The Political Economy of Financial Development
Political economy theories of financial development argue that in countries where a narrow elite controls political decisions, financial development may be obstructed to deny access to finance to potential competitors. We use panel data on developed and developing countries from 1975- 2000 to examine this hypothesis, as well as looking at the effect of regime stability on financial development. Our results show that the degree of democracy and political stability are significant explanatory factors in determining the speed of financial development. The banking sector benefits from regime stability and increasing democracy, while stock market capitalisation grows fastest in fully democratic regimes.
|Date of creation:||Jul 2004|
|Date of revision:||Oct 2004|
|Contact details of provider:|| Postal: Department of Economics University of Leicester, University Road. Leicester. LE1 7RH. UK|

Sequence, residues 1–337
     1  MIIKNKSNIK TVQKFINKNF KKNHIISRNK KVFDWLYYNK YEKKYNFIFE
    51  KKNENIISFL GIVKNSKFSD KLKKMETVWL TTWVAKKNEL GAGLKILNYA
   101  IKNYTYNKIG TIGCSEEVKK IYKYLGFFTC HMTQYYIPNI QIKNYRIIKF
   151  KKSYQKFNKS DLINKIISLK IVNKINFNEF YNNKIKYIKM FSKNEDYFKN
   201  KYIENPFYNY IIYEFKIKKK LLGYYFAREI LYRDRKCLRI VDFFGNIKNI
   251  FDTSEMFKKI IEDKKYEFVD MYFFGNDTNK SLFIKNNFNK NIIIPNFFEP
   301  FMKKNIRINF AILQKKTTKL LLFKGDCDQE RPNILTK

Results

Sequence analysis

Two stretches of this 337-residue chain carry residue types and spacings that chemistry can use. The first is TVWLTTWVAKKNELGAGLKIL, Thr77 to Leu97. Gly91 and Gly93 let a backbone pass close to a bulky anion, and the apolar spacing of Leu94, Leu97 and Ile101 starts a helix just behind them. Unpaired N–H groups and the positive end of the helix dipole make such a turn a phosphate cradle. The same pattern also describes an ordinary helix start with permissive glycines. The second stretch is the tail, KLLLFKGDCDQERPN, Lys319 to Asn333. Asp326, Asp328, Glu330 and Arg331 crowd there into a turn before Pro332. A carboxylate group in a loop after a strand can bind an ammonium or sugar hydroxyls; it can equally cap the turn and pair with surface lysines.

Phone: +44 (0)116 252 2887
Fax: +44 (0)116 252 2908
Web page: http://www2.le.ac.uk/departments/economics
More information through EDIRC
|Order Information:|| Web: http://www2.le.ac.uk/departments/economics/research/discussion-papers Email: |
When requesting a correction, please mention this item's handle: RePEc:lec:leecon:04/21. See general information about how to correct material in RePEc.
For technical questions regarding this item, or to correct its authors, title, abstract, bibliographic or download information, contact: (Mrs. Alexandra Mazzuoccolo)
If references are entirely missing, you can add them using this form.